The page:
They were actually quite speedily delivered well within the 21 day shipping timeframe, I was actually a little surprised when I received a little note in my post office box saying I had a package.
Anyway, to even more surprise when I looked at the package I saw a big customs sticker on it meaning it had been sent from overseas. I thought these guys were in Melbourne or something, but the cards came all the way from freakin’ Belgium (!). Is that the international hot spot for card printing companies? It must be cheap if they’re drop shipping to Australia.
I looked at some of the info that came with the cards and it looks like they have “offices” all over the world, but I’d suspect they all come from the same place in Belgium.
The package was in good condition considering the distance it’s covered, a bit banged up but the cards were in pristine condition inside. Here’s a pic of the box and my new fan-dangled business card on top. They even chucked in a free card holder, very nice of them.
And here’s a close up scan of the card:
They managed to pull off almost exactly what I designed. It’s not quite as glossy as I thought it would be, maybe I shouldn’t have chosen the Matte option as it’s got no shine at all. That’s okay though for this intial lot of 250, even though I think that will last a lifetime unless I start going to conferences.
Drop Shipping As A Strategy
Drop shipping is an interesting strategy that I’ve been wanting to look into but somehow never find the time to go chasing suppliers.
I’ve got one source for general goods (everything from fake iPhone knock offs to wedding dresses and suits) located in China that I’ve ordered some merchandise from personally who have expressed interest in gaining overseas businesses to drop ship for. But their range is so enormous and seems to fluctuate a lot. Any website I set up based on their stock would need to cover a large enough range so as not to looks stupid when it runs out of a particular item.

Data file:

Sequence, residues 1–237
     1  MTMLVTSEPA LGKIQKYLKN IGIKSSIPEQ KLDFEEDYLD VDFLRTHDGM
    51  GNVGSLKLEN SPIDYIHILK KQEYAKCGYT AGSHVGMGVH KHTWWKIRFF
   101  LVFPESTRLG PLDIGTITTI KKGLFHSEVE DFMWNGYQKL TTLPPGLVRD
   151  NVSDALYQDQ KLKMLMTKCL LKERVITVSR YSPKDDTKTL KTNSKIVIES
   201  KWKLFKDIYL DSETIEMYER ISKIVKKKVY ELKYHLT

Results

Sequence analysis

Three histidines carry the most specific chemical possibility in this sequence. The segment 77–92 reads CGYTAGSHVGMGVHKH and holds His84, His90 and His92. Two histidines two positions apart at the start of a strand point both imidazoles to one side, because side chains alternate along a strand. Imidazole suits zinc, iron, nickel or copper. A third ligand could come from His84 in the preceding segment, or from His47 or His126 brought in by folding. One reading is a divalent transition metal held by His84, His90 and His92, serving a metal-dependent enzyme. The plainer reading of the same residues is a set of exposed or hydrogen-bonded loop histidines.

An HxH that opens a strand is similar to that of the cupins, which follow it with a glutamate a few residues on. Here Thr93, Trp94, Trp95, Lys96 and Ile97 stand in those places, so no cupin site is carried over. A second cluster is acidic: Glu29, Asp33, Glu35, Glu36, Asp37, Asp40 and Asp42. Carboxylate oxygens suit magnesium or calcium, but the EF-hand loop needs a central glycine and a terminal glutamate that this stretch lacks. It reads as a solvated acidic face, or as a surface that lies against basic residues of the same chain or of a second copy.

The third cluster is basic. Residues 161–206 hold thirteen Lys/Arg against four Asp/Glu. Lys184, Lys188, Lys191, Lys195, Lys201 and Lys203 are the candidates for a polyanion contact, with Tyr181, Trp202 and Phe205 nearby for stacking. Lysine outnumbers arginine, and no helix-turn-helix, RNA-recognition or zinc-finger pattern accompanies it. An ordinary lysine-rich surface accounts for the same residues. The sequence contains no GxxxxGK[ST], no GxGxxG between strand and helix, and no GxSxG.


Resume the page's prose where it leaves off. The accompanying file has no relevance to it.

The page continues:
I also have a source here in Australia that would drop ship computer hardware parts for me, but that’s not an industry I’m interested in getting into – too competitive, I’ve been down that road before.
Even though I’ve got pretty much no experience whatsoever in drop shipping, the idea appeals to me. But it appeals to me more in the way that VistaPrint have done their business model.
They use the resources of other overseas companies to provide quality stock here in Australia and other places around the world. Their model is to compete on price and efficiency, it’s truly a no-fuss solution because from start to finish you don’t have any contact with one single person from their company.
The whole deal, from my perspective was automated and it’s something that a busy person like myself appreciates for things like this. That’s their value add.
To me, I don’t really care so much about paper thickness and comparing glossiness side by side to get the perfect sheen. I just want the damn things done and I could care less what gsm the paper is as long as it doesn’t look and feel like cheap crap.
Anyway, I’m pretty chuffed with the cards and the experience with this drop shipping company. I’m quite jealous of their business model. The cards are good and will do the job, the beauty being it took me a grand total of 30 minutes to do the whole process, including design and picking them up from the post office.
Had experience with drop shipping yourself? Is it profitable or do you need huge numbers? I get the feeling VistaPrint do a lot of business, but need the volume to compete on cost. Let me know your thoughts in the comments!